MOVIES AT HOME DIRECT FROM HOLLYWOOD
George Lucas, long a proponent of digital movie making and distribution, has infuriated cinema owners and film distributors in Australia (and around the world) with his April 1 announcement that by the end of 2004 technology will be in place to beam movies digitally – with superb sound and image – directly into homes equipped with standard satellite dishes used for pay tv reception. “It’s obscene,” says one exec, as Andrew L. Urban reports.
Imagine it: you have a small satellite dish attached to your roof and a remote control pointed at a set-top unit with flashing lights. You (with family and/or friends) consult the newspaper for the latest movie ads and select the just completed blockbuster, Indiana Jones 4 – The Return of The Kingdom and punch in the code number. In 3.6 seconds, the movie begins playing on your fabulous home entertainment system in all the glory of better than-DVD digital quality. Your account has been debited with US$9.
"sound quality is often worse than in my backyard
This scenario, played out in millions of homes anywhere in the world – from Mombasa to Melbourne, from Budapest to Beijing – is “scaring the living daylights out of the cinema owners and film distributors who have been bleeding the public’s purse dry for years as they deliver sub-standard film prints to fading theatres, where sound quality is often worse than in my backyard dunny,” says Sydney entertainment sound specialist Ben Hooft.
For Lucas, sound has always been crucial: "For George, it's 50% of the experience," says Star Wars producer Rick McCallum. "He's always been obsessed by the soundtrack - his soundtracks are complex pieces of art." Not surprising, really, since Lucas started out as a sound recordist and went on to become a documentary filmmaker. He tackled the camera "and finally found his true passion: editing," says McCallum. "Francis Coppola taught him to write - but now he knows every facet of filmmaking."
Driven by his disappointment that the soundtracks of his films are never shown – heard – to best advantage, Lucas issued an ultimatum to his team: never mind satellite delivery to theatres around the world, let’s get it directly into their homes. NOW! (In an interview with Urban Cinefile in 2000, Rick McCallum predicted satellite delivered films into cinemas by 2005.)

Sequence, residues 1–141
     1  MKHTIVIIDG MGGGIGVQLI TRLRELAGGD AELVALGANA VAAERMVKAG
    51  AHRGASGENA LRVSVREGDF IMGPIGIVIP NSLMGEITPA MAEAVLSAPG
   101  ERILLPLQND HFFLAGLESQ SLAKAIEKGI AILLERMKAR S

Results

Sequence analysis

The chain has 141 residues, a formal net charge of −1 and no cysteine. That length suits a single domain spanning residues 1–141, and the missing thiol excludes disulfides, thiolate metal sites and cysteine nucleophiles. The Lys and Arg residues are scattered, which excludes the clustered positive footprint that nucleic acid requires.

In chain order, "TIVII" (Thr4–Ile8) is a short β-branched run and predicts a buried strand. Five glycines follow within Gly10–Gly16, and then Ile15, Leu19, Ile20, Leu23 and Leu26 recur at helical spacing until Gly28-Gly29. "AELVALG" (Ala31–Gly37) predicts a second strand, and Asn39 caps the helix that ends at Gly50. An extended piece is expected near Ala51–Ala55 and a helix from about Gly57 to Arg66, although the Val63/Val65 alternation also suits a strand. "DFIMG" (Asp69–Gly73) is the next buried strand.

His team responded – as has a furious Australian film distribution executive, who (having begun looking for alternative employment in the digital field), prefers to remain anonymous: “George Lucas is not only threatening thousands of jobs, perhaps millions around the world, but a whole lifestyle we have developed in Australia, of going to the movies as a social event. The sound and picture quality is a furphy: George wants to make history – and a few extra billion dollars as the outsider to Hollywood who captures the first truly global distribution monopoly. It’s obscene.”
And billions is probably right: even at just US$9 per delivery, a film like Indiana Jones 4 could gross US$1 billion in a matter of days, with a fraction of the cost of prints and advertising around the world. Of course, the flipside means that distributors and cinema operators don’t get to earn revenue from handling the movie.
The senior executives at the major Australian chains (Hoyts, Village, Greater Union and BCC) have issued a joint statement condemning the initiative as a “techno-crazed stunt feeding the egos of the nerds who came up with this stupid idea and threatening to destroy the very traditions of cinema.”
But some movie people are happy: Troy Lum, head of the relatively new but highly successful Hopscotch film distribution company specialising in art house and cross over films of high quality and popular appeal (eg Bowling for Columbine, The Barbarian Invasions) says it’s good news for independent cinemas and specialist film distributors who will press the appeal of the communal film experience. “We will have the only movies showing in cinemas; it’s wonderful.”
Lucas says, “the public wins,” but insiders want to know, at what cost.
Published April 1, 2004
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